One game that has made a strong impression over the last month is Battlefield 1. Everyone has been praising DICE and EA Games for not falling in with all of the other shooters and moving to a more futuristic setting, but instead going back to one of the most gruesome wars in the last century.
At E3 2016, we were able to sit down with Battlefield 1’s Lead World Designer, Daniel Berlin, to talk about what Battlefield 1 has to offer over its competitors.
Hardcore Gamer: Battlefield, long history, started in World War II, went to modern day, went to slightly futuristic and back to modern, and now we’re back at World War I. What brought you back?
Daniel Berlin: It was two things. First of all, it was two guys in the office and they were passionate about the setting. They did extensive research on locations, the weapons available, the tanks. Not only that but the battles that actually took place. They did all this research and they molded it to see if it can fit the Battlefield franchise pillars. They presented it and we said “Yes. It’s perfect. It’s better than perfect.” Then we had the community who wanted us to go back. It’s a part of listening to what people want, so when those two things came together, we were “Now this is it. This is what we’re doing.” It has transformed into a passion project for DICE, over the past couple of years we have been working on it.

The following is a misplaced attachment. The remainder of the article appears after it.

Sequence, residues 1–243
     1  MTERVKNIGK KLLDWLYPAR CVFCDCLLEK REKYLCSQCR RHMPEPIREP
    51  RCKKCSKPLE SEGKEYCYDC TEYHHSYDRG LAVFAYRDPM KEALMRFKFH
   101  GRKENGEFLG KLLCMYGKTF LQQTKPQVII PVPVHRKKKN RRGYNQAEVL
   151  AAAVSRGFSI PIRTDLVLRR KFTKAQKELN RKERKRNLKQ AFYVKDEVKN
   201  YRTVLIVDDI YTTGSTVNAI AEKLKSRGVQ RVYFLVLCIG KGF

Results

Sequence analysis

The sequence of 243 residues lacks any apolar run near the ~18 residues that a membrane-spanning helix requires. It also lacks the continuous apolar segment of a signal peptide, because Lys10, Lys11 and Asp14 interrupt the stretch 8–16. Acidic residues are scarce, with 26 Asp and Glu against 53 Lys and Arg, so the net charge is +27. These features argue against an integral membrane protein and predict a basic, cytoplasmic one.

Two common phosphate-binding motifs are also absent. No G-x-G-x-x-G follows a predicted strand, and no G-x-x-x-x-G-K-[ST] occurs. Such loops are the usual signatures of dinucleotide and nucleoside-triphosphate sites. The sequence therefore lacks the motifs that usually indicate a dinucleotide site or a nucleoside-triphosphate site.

Before we move on, obviously Call of Duty and Titanfall are taking a very futuristic look at things. Do you think there’s enough space in the world for a history-based shooter?
Oh yeah, definitely. My personal opinion is that this is the best time in the world to be a first-person shooter fan because you will have so much to choose from. Everyone’s doing a great job. We’re super excited about our product, so we just want to get it out there. For all the first-person shooter fans out there, we wish you pick it up. For the beta, help us stress test, help it make it stable, give feedback, make it the best game it can be. But again, it’s the best time in the world to be a first-person shooter fan.
I know you haven’t shown much of the campaign yet, but is it following one solider for the entire campaign, kind of like in Battlefield 4, or is this swapping between the different countries?
Yes, it is a war on the global scale, so we decided to focus on different fates now and how they react to the world changing around them. We will be hopping all over the world and looking at different landscapes and different characters. For example, you will also be playing as a female Bedouin warrior in the deserts of Arabia.
World War I was a war where it was very point-of-view focus. There wasn’t one evil person like Adolf Hitler in World War II, so will we be jumping between the different sides in the campaign?
We aren’t going into specifics for which armies you’re jumping into, but we are jumping to different characters over the course of the game.
Jumping into the multiplayer, it has been almost three years since Battlefield 4, a year since Battlefield Hardline and we just had Star Wars Battlefront. How have your experiences in all three of those games lead into Battlefield 1?